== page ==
Leiosphaeridium was proposed by Timofeev in 1959 as an amendment of Eisenack’s Leiosphaera. The original spelling of a name is to be retained and Leiosphaeridium is not to be considered an orthographic variant of Leiosphaera. As the name is nomenclaturally superfluous, it is illegitimate.

Staplin emended Timofeev’s diagnosis of Leiosphaeridium and regarded the name “as a new generic taxon” with L. eisenackii (Timofeev) as a new type species. Based on a different type the name is a later homonym and thus illegitimate.

The transference to Leiosphaeridia of Leiosphaeridium eisenackii made by Downie & Sarjeant in 1963 is not valid since it is done without clear references to the basionym.

Macroptycha and Scaphita are names used by Timofeev in 1973 for boat-shaped forms with large longitudinal folds or without folds, respectively. However, both names were not validly published. The folds were interpreted as prolonged chambers, but evidently represent compressional features. Before 1973 forms identical with Macroptycha and Scaphita were referred to Leiosphaeridia by Timofeev and others.

Campenia, described by Mädler in 1963, differs from Leiosphaeridia in possessing an elliptical slit that is supposed to be homologous with the pylome. The diagnosis of Leiosphaeridia, however, does not exclude opening by a slit. Lancettopsis—also described by Mädler in 1963—comprises folded and rolled up vesicles similar to Scaphita. Analyses of the original material is required for establishing the taxonomic relations.

 

Complex classification

To illustrate the complex leiosphere classification two species may be mentioned.

Protoleiosphaeridium papillatum was described by Staplin in 1961. Two years later—in 1963—it was transferred (but not validly) to Leiosphaeridia by Downie & Sarjeant, and further five years later—in 1968—to Lophosphaeridium by Martin.

Protoleiosphaeridium granulosum was also introduced by Staplin in 1961. It was in 1963 transferred by Downie & Sarjeant to Leiosphaeridia, and in the same year by the same Downie (without Sarjeant as coauthor) to Lophosphaeridium. Both these transferences are, however, contrary to the nomenclatural rules, and the valid publication of the name Leiosphaeridia granulosa was made by Pocock in 1972—but for a different taxon!

 

New species

I have described two new species of acid resistant spherical microalgae, referable to genus Leiosphaeridia, from the Upper Cretaceous of the province Scania (Skåne), southern Sweden.

Leiosphaeridia nelliae Lindgren 1982c is described from a Cenomanian clay deposit penetrated by a boring at Åhus in the Kristianstad area. This species is diagnosed by its small size and the lack of apertures or any obvious dehiscence mechanism. It resembles some Palaeozoic species, but all Mesozoic species with similar appearance are much larger.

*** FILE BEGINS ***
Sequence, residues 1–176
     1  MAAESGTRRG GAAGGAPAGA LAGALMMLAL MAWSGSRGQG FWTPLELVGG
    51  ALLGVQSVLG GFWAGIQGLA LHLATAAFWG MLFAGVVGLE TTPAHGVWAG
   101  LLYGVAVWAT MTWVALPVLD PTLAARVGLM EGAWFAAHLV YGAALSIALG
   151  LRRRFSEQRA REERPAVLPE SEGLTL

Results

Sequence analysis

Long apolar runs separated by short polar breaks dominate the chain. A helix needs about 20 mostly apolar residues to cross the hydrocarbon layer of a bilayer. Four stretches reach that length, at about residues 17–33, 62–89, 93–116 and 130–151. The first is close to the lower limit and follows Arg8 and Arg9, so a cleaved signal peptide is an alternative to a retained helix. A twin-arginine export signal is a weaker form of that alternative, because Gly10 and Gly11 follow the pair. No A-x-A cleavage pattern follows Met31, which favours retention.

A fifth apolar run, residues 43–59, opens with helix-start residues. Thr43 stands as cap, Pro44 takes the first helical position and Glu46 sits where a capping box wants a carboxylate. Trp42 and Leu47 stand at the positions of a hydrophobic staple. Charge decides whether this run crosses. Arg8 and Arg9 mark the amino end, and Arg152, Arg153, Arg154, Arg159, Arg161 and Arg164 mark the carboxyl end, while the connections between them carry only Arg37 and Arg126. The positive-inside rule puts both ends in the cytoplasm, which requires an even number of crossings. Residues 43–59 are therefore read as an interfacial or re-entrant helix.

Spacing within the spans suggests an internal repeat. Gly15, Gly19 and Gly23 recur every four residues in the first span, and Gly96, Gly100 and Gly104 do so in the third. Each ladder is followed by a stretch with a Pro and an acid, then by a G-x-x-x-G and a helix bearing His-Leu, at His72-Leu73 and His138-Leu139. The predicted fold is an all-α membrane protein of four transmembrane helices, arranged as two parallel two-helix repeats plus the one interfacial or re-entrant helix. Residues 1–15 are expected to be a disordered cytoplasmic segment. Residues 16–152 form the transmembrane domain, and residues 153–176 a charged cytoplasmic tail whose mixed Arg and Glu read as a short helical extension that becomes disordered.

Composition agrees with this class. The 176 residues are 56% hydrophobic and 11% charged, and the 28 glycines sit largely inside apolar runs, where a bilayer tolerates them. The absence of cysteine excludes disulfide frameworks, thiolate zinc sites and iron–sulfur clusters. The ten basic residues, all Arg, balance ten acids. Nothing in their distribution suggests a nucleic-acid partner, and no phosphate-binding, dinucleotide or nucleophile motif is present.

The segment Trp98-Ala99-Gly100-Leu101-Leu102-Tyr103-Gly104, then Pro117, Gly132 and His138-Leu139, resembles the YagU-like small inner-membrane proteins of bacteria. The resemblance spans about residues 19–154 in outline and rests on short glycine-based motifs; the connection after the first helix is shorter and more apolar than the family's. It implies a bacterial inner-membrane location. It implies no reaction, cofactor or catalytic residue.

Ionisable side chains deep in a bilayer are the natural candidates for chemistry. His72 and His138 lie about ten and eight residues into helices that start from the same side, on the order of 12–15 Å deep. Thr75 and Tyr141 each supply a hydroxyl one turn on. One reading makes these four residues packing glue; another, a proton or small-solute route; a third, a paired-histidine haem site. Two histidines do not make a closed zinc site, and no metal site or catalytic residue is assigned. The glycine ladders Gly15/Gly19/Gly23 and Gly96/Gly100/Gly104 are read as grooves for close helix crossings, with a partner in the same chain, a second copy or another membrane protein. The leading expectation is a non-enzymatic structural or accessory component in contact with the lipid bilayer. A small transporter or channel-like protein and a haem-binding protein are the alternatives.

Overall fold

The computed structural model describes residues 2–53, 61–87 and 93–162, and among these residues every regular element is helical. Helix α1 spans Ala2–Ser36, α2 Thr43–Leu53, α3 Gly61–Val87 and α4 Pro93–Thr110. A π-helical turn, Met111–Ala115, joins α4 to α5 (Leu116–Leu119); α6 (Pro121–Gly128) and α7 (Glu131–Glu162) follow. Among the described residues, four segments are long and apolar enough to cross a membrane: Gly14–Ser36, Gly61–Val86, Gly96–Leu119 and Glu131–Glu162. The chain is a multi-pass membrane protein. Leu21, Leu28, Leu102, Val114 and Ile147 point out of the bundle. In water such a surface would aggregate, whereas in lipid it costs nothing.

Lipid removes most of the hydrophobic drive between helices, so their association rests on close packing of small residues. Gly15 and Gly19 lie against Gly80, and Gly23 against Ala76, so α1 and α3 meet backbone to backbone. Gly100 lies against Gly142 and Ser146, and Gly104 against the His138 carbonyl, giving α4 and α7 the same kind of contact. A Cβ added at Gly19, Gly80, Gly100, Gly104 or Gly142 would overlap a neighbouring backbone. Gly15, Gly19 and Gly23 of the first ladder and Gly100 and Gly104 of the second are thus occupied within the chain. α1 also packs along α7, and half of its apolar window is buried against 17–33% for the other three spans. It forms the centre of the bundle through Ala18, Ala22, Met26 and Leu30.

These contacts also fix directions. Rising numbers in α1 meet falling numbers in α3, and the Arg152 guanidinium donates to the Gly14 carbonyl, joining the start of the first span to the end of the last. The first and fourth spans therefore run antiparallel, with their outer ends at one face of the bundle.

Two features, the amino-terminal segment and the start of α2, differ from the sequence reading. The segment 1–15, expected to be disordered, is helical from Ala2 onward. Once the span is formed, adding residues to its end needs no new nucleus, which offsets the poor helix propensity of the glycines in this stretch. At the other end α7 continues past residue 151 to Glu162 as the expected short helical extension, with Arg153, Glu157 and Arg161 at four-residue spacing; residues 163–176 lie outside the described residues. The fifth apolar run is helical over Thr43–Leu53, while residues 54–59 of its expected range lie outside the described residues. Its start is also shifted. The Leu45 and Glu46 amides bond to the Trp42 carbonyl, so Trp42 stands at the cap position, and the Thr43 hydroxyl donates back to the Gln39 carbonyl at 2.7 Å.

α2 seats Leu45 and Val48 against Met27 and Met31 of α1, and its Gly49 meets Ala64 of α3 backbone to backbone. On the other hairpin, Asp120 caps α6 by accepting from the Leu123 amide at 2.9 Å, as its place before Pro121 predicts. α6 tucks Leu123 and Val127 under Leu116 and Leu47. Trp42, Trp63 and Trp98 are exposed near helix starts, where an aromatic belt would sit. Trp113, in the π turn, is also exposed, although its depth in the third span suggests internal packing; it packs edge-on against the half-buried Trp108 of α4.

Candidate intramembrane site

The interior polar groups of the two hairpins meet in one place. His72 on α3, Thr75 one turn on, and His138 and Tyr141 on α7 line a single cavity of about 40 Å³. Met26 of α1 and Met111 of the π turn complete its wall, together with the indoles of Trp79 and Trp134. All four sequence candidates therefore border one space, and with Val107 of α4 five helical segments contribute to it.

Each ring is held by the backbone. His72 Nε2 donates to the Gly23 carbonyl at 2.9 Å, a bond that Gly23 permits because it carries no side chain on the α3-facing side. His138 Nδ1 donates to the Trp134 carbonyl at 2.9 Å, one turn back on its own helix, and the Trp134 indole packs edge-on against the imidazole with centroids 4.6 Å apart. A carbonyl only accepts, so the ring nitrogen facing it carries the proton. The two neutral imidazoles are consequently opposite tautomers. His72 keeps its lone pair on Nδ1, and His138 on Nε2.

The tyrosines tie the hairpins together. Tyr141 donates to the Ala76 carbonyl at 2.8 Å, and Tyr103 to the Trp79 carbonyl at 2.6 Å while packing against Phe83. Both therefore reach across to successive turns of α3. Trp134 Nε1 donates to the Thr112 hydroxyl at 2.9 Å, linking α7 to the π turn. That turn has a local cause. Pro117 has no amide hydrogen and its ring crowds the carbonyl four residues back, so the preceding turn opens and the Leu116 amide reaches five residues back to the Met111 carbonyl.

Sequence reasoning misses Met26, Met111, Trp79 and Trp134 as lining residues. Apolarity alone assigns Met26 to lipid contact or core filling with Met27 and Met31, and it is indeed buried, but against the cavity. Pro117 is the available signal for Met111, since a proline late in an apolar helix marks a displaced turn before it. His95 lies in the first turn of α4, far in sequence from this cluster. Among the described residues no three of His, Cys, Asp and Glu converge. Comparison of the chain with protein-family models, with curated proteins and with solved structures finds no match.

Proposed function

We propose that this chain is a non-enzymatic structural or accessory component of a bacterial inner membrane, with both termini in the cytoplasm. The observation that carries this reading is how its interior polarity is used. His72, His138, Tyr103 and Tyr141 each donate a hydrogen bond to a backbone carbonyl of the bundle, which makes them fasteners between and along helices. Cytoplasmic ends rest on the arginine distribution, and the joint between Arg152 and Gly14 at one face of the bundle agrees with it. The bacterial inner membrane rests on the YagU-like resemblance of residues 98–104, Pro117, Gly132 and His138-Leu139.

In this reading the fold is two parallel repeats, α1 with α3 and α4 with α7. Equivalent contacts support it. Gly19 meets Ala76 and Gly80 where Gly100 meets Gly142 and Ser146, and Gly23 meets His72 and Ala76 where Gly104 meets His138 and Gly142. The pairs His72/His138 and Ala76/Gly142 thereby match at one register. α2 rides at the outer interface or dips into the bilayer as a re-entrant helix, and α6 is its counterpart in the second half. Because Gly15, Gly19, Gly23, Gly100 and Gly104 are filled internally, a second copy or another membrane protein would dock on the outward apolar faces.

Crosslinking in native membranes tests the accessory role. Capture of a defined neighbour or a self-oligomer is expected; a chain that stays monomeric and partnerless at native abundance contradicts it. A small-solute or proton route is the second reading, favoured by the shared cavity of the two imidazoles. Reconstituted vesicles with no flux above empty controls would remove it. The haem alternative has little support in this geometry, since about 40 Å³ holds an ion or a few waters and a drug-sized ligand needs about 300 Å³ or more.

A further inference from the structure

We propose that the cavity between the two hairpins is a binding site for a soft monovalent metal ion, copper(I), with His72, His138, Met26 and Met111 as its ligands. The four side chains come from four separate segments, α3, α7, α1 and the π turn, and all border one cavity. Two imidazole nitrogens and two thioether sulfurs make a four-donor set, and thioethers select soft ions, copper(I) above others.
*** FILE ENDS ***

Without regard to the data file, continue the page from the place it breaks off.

Leiosphaeridia scanica Lindgren 1984 is described from the Campanian and Maastrichtian penetrated by a boring at Trelleborg. This species differs from other species of Leiosphaeridia in having a smooth vesicle and a constantly present pylome.

Leiosphaeridia asperata (Naumova) Lindgren is a new combination I established in my 1982b paper with Trachytriletus asperatus Naumova as basionym.

BACK TO


Morphology and taxonomy
Botanical affinities
Diagnostic features in modern algae
Morphometry of modern and fossil algae
  FORWARD TO


Distribution of Leiosphaeridia

References

Eisenack, A., 1958.
Tasmanites Newton 1875 und Leiosphaeridia n.g. als Gattungen der Hystrichosphaeridea. Palaeontographica Abt. A, 110: 1—19. Stuttgart.
Eisenack, A., 1962.
Einigen Bemerkungen zu neueren Arbeiten uber Hystrichosphären. Neues Jb. Geol. Paläont. Mh., 102: 92—101. Stuttgart.
Downie,C. & Sarjeant, W.A.S., 1963.
On the interpretatio and status of some hystrichospher genera. Palaeontology, 6: 83—96. London.
Lindgren, S., 1981.
Remarks on the taxonomy, botanical affinities, and distribution of leiospheres. (Summary in Russian) Stockholm Contrib. Geol., 38(1): 1—20. Stockholm. ISBN 91-22-00500-5. ISSN 0585-3532. — Buy at the lowest prices among books in Sweden.
Lindgren, S., 1982a.
Taxonomic review of Leiosphaeridia from the Mesozoic and Tertiary. Stockholm Contrib. Geol., 38 (2): 21—33. Stockholm. ISBN 91-22-00502-1. ISSN 0585-3532. — Buy at the lowest prices among books in Sweden.
Lindgren, S., 1982b.
Algal coenobia and leiospheres from the Upper Riphean of the Turukhansk region, eastern Siberia. Stockholm Contrib. Geol., 38 (3): 35—45. Stockholm. ISBN 91-22-00504-8. ISSN 0585-3532. — Buy at the lowest prices among books in Sweden.
Lindgren, S., 1982c.
A new taxon of Leiosphaeridia (algae) from Upper Cretaceous clays, southern Sweden. Stockholm Contrib. Geol., 37 (11): 139—143. Stockholm. ISBN 91-22-00487-4. ISSN 0585-3532.
Lindgren, S., 1984.
A new taxon of Leiosphaeridia (algae) from Upper Cretaceous clays, southern Sweden. Stockholm Contrib. Geol., 39 (5): 139—144. Stockholm. ISBN 91-22-00517-x. ISSN 0585-3532. — Buy at the lowest prices among books in Sweden.